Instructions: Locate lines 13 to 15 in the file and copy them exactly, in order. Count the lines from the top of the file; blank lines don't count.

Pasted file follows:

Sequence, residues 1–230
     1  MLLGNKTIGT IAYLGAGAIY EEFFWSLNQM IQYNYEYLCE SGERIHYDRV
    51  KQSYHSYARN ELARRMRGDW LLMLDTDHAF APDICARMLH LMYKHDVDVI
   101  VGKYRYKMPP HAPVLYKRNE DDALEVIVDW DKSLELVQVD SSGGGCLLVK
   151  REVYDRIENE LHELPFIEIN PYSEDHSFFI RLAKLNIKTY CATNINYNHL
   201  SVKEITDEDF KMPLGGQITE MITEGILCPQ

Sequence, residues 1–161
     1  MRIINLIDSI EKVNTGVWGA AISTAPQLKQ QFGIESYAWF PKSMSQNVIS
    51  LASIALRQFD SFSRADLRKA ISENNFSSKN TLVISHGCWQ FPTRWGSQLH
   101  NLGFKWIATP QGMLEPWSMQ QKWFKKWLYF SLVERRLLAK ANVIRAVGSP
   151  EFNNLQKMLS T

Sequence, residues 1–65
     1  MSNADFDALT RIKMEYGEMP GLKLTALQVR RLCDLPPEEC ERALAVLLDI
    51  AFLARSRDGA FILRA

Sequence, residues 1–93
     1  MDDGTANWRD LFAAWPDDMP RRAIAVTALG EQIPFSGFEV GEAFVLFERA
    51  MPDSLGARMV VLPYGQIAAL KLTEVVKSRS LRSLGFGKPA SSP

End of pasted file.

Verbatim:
     1  MSNADFDALT RIKMEYGEMP GLKLTALQVR RLCDLPPEEC ERALAVLLDI
    51  AFLARSRDGA FILRA

Sequence, residues 1–93